The Coastal Ramsar project aims to protect and enhance the ecological values of the internationally significant Vasse-Wonnerup and Peel-Yalgorup wetland systems.
These systems are listed under the Ramsar Convention; an intergovernmental, multilateral treaty on the conservation of designated Wetlands of International Importance.
SWCC coordinates the project through partnerships with Parks & Wildlife, local government, Regional Partners, Aboriginal groups, community groups and landholders, to protect and increase the resilience of these important wetlands and to increase community understanding and knowledge.
A total of five events were held, 163 volunteers involved in on-ground works and four community groups engaged over 2014-15. The newly restored visitation area at Lake Preston was officially opened to the local community as part of a celebration event in October 2014. The old derelict ski-club area was restored in the first year of the project through a partnership between Parks and Wildlife and the Shire of Harvey. Over 30 community members attended this milestone event.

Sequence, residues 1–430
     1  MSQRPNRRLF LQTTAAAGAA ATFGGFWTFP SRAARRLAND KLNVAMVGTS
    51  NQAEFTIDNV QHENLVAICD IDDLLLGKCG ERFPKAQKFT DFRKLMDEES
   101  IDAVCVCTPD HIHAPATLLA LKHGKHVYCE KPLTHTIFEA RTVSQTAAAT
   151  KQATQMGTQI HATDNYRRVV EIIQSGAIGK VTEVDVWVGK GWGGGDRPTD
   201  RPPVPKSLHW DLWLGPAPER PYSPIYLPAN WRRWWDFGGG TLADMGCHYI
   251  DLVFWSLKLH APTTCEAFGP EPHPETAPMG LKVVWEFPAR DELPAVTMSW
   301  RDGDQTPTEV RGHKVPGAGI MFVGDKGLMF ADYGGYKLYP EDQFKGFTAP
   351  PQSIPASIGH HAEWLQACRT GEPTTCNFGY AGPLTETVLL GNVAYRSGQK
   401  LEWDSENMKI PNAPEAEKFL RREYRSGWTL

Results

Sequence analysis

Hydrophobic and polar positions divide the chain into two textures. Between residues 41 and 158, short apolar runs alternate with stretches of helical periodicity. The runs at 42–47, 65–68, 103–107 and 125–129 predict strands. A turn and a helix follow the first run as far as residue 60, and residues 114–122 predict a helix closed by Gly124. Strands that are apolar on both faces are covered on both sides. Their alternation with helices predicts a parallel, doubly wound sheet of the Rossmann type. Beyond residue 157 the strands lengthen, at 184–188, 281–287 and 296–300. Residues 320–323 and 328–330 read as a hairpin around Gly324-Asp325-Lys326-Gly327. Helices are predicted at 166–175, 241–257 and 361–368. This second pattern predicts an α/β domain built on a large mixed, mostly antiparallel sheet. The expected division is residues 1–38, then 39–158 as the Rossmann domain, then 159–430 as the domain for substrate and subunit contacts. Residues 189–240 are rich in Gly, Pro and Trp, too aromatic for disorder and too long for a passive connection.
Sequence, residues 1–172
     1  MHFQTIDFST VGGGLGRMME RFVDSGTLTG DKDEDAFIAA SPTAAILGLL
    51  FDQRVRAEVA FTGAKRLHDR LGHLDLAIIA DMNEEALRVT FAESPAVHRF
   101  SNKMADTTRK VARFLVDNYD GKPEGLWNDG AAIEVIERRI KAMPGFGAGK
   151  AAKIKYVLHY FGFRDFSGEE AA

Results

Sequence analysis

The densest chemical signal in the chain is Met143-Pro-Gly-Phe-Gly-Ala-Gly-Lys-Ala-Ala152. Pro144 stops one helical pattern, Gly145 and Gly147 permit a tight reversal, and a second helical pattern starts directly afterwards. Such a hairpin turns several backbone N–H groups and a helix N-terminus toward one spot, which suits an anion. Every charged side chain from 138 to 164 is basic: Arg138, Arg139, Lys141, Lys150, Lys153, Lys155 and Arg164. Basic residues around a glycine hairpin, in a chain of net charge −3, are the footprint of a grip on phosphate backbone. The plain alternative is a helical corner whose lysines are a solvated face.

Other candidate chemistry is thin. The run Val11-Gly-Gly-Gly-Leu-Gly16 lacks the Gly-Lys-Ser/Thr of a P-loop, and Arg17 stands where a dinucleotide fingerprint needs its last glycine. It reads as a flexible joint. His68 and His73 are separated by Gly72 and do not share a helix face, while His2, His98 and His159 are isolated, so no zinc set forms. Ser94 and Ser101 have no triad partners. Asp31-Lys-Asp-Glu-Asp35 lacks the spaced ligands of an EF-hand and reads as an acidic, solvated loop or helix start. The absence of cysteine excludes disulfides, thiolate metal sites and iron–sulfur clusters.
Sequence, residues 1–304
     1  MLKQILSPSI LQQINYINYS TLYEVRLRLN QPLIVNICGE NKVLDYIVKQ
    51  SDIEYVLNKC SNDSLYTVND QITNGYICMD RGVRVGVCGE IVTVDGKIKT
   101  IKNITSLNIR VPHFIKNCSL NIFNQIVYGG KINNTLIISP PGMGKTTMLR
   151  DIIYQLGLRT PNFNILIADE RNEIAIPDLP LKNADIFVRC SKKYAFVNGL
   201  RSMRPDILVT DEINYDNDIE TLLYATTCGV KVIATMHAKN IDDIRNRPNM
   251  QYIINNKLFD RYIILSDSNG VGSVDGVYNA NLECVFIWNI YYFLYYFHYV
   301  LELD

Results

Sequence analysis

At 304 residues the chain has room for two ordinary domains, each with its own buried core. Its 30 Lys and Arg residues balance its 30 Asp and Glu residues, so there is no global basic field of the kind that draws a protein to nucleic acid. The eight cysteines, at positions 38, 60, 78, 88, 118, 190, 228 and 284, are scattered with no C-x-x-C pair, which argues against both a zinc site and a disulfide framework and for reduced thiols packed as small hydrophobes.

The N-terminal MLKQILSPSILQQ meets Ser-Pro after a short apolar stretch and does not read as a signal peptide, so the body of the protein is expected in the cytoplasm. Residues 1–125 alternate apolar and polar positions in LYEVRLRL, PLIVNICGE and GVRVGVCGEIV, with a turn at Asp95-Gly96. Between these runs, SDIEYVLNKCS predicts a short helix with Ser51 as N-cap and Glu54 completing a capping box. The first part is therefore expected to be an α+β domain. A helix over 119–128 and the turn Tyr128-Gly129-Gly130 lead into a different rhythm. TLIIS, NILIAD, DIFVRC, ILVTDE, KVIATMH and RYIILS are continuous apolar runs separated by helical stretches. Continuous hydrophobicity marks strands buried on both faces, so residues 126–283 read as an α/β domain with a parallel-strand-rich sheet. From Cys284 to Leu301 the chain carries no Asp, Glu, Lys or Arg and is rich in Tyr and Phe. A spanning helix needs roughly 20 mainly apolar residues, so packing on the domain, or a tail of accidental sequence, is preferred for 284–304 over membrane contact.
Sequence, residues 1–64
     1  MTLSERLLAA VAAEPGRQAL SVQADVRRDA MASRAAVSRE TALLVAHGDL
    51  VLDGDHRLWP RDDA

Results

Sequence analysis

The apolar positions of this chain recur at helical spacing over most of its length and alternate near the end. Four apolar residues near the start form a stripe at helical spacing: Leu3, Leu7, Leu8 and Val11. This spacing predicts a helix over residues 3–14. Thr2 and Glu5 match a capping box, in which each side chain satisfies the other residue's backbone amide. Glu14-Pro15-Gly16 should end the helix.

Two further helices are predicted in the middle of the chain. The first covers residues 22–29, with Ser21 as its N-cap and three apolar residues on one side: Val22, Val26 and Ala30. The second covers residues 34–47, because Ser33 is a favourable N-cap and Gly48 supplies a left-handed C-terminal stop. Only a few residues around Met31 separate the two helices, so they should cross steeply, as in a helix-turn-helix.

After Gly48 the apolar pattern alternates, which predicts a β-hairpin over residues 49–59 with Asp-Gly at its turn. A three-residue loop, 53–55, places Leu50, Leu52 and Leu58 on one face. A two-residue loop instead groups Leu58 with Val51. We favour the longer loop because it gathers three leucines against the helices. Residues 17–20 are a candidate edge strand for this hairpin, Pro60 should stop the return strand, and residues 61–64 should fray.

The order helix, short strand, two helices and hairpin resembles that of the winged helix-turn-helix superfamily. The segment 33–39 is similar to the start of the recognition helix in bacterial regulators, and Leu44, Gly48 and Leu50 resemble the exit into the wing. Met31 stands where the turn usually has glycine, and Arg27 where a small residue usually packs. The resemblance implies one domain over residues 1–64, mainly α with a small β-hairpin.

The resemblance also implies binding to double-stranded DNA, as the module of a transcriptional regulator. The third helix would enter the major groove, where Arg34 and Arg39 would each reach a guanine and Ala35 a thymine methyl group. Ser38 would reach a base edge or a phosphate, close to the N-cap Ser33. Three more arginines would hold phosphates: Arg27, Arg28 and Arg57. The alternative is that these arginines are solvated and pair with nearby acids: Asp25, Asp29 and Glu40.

SWCC partnered with the Peel-Harvey Catchment Council in 2014-15 to implement projects in the Peel-Yalgorup Ramsar system and adjacent catchments. These projects involved community engagement events, revegetation of habitat and riparian management of adjacent priority waterways, as well as extensive weed mapping and weed control at priority Ramsar sites.
SWCC also partnered with Parks and Wildlife to undertake rehabilitation at key sites in the Vasse-Wonnerup Wetlands. The sites have been prepared for future restoration activities through several spray events, slashing and rotary hoeing. Derelict fences, logs and debris have been removed from Sabina Nature Reserve and new fencing has been installed to protect future revegetation sites from kangaroo and rabbit grazing. Culverts and access tracks have also been installed to enable access to the restoration sites, for initial work and long term management. Local and migratory bird species have also been better protected as a direct result of strategic fox baiting.
The partnership project with Parks and Wildlife will continue, with native plantings planned for restoration sites in the Vasse-Wonnerup Wetlands. This will also include continued efforts to reduce weed burden at the sites to ensure the revegetation establishes successfully and is protected into the future.
The Ramsar Convention is named after the Iranian town of Ramsar, where the Convention on Wetlands took place in 1971.
259 ha protected through management actions
594.5 ha protected through management actions
41 people engaged in activities
226 people engaged in activities